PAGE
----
2021 had been a difficult year for me and I hoped for a better 2022. The hope was in vain. On 24 February, Russia invaded Ukraine, a country where I have many friends, where I have travelled a lot and which I love. I had also planned a trip to Ukraine for spring 2022. It was not possible. Instead, I went to Lithuania twice to take photos for my book “Grenzland | Borderlands”, which will be published in early 2023. However, the trips to Lithuania were more than a substitute for Ukraine. The country looks back on an incredibly rich Jewish history. A selection of the photos taken during these trips can be seen in the new Vanished World calendar. May 2023 be better than 2022!
Our road trip through Lithuania came to an end on 7 April with a long drive back to Vilnius. Yuliya, Anna and I first returned to Žagarė, because this shtetl had caught our attention. Then we continued via Joniškis to Šiauliai, Lygumai, Pakruojis, Linkuva, Rozalimas and Šeduva.
Day 5 of our journey through Lithuania. After a rest day by the sea, my friends and I continued on 6 April towards the border with Latvia. Kretinga, Salantai, Plungė, Alsėdžiai, Telšiai, Seda, Tirkšliai and Žagarė were on the way. Žagarė turned out to be a remarkable time capsule.
4 April, the third day of our road trip through Lithuania. When Yuliya, Anna and I left Kaunas in the morning, the sky was still cloudless. In the course of the morning clouds came up, then it started to snow. Winter was back. On our route to Klaipeda were Čekiškė, Skaudvilė, Kaltinėnai, Laukuva, Rietavas, Veivirzenai and Švėkšna.
Yuliya, Anna and I continued our journey through Lithuania on 3 April. It was a sunny, spring-like day. We visited Jewish remembrance sites in Miroslavas, Veisiejai, Lazdijai, Simnas, Kalvarija, Marijampolė and Garliava. It was a day when we saw the efforts that have been made since Lithuania’s independence to preserve its Jewish heritage.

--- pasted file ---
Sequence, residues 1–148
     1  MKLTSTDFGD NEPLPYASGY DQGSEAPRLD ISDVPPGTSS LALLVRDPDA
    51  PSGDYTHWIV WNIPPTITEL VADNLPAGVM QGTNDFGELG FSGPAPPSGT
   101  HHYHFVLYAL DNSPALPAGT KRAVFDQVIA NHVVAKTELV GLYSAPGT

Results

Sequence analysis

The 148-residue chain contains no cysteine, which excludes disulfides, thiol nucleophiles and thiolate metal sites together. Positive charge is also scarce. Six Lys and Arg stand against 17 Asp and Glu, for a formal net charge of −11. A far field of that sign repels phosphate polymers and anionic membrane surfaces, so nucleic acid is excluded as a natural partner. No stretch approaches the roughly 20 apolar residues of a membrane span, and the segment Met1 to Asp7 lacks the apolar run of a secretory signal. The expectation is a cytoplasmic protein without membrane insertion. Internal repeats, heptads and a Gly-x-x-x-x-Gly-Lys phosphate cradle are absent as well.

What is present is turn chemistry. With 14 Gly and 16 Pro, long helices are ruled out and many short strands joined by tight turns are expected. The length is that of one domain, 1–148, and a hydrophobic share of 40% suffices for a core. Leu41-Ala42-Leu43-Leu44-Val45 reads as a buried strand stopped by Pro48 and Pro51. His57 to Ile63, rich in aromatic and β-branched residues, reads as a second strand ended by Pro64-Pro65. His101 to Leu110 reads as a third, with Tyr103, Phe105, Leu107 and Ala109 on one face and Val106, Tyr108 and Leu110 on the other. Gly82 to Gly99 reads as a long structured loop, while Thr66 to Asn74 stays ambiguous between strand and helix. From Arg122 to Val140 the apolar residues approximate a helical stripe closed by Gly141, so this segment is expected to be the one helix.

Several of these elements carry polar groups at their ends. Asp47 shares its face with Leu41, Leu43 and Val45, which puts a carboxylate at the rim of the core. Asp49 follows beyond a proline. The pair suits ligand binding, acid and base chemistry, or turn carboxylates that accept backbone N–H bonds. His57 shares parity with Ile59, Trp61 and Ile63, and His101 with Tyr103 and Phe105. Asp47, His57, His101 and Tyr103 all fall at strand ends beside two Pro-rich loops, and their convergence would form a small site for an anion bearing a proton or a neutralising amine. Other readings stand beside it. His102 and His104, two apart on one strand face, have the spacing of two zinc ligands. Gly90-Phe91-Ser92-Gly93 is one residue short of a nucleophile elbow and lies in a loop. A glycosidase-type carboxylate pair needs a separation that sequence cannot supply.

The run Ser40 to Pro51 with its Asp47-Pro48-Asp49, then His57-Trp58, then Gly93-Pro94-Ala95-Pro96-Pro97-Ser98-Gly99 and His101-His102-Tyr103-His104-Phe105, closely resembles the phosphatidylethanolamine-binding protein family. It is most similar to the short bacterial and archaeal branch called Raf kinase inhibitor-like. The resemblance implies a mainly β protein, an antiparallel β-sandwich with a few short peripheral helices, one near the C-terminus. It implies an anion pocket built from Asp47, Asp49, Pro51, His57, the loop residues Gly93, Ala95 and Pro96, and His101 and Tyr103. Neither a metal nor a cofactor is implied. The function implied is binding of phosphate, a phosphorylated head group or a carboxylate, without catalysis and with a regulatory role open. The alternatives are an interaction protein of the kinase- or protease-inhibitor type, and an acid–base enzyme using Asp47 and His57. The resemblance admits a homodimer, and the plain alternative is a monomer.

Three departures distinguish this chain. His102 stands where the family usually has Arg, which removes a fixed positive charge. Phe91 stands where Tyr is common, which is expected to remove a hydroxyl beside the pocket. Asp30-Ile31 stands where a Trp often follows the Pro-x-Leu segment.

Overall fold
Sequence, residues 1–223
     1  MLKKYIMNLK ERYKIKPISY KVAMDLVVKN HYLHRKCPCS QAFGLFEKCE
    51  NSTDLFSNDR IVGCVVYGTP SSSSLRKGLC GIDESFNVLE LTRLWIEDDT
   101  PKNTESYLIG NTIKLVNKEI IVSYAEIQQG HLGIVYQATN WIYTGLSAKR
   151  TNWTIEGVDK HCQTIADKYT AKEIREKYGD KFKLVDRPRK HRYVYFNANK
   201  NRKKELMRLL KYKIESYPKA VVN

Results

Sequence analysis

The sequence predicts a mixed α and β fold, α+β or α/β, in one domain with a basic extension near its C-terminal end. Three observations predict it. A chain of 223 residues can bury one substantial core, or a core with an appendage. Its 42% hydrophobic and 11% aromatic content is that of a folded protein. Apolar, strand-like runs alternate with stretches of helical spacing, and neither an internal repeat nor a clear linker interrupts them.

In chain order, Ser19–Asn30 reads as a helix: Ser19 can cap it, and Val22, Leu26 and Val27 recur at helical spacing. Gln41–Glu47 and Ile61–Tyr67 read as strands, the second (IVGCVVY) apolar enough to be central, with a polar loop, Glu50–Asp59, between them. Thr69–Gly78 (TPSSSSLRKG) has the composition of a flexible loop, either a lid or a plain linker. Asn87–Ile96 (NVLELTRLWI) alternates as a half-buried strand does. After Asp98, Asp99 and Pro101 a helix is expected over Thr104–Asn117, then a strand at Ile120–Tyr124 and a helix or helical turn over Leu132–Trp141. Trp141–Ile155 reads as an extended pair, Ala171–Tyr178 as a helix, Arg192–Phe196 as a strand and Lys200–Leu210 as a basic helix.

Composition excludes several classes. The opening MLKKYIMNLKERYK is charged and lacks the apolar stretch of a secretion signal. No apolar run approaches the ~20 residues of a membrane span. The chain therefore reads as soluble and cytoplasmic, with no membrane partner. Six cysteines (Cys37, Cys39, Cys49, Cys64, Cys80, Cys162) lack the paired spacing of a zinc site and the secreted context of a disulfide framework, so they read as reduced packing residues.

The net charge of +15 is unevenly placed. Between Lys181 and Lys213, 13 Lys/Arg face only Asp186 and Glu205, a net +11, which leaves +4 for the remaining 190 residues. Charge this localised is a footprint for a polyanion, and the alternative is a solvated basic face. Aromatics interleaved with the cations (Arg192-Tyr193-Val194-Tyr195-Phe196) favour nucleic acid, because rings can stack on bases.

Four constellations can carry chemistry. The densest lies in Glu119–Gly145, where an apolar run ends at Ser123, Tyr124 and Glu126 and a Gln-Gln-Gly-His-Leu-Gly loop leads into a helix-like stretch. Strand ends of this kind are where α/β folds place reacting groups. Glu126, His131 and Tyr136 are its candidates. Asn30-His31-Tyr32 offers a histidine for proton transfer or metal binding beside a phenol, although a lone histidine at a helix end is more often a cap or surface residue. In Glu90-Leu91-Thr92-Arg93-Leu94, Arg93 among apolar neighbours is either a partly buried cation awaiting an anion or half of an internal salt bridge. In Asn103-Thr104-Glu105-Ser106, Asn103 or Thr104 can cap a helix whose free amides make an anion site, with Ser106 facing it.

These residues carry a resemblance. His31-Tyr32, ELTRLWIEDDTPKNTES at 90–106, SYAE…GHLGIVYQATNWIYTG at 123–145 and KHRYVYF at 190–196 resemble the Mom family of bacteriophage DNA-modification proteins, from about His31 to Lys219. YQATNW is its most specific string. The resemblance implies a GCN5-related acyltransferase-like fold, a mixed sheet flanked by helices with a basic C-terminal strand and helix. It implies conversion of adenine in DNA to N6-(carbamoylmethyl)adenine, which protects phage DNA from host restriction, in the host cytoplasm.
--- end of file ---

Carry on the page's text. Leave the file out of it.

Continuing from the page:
On the morning of 2 April, Yuliya, Anna and I set off for Alytus. A 6-day road trip to Jewish places of remembrance in Lithuania lay ahead of us. The first day took us through the border region of Belarus. Eišiškės, Varėna, Merkinė, Daugai, Butrimonys, Balbieriškis and Alytus were on our route.
It should have been a trip to Ukraine and became another trip to Lithuania. From 31 March to 9 April, I was once again on the road in the Baltic region – from Lithuania’s capital Vilnius up to the Curonian Spit and back.
The visit to the memorial in Paneriai on 4 March was the most difficult part of the trip through Lithuania. Paneriai is a suburb of Vilnius with extensive forests. The German occupiers turned it into a murder site. More than 100,000 people were killed there – mainly Jews, many of them from Vilnius ghetto, but also Soviet prisoners of war, Poles, Roma and Lithuanians.
3 March, the last day of the road trip through Lithuania. Yuliya and I made our way back to Vilnius. Finally, a grey sky and no more sunshine. Maybe the clouds will protect my friends in Ukraine from the Russian bombings, I thought. Probably that’s nonsense. But I couldn’t fight this thought. Our route today was not as long as in the last few days. Synagogues and Jewish cemeteries in Vabalninkas, Kupiškis, Anykščiai, Kurkliai, Alanta and Moletai were on our way.
2 March, day 4 of the journey through Lithuania, day 7 of Russia’s war against Ukraine. Yuliya and I continued our journey. We headed northwest, close to the border with Latvia. On our route were Jewish memorial sites in Krekenava, Pušalotas, Pumpėnai and, of course, Panevėžys and Biržai.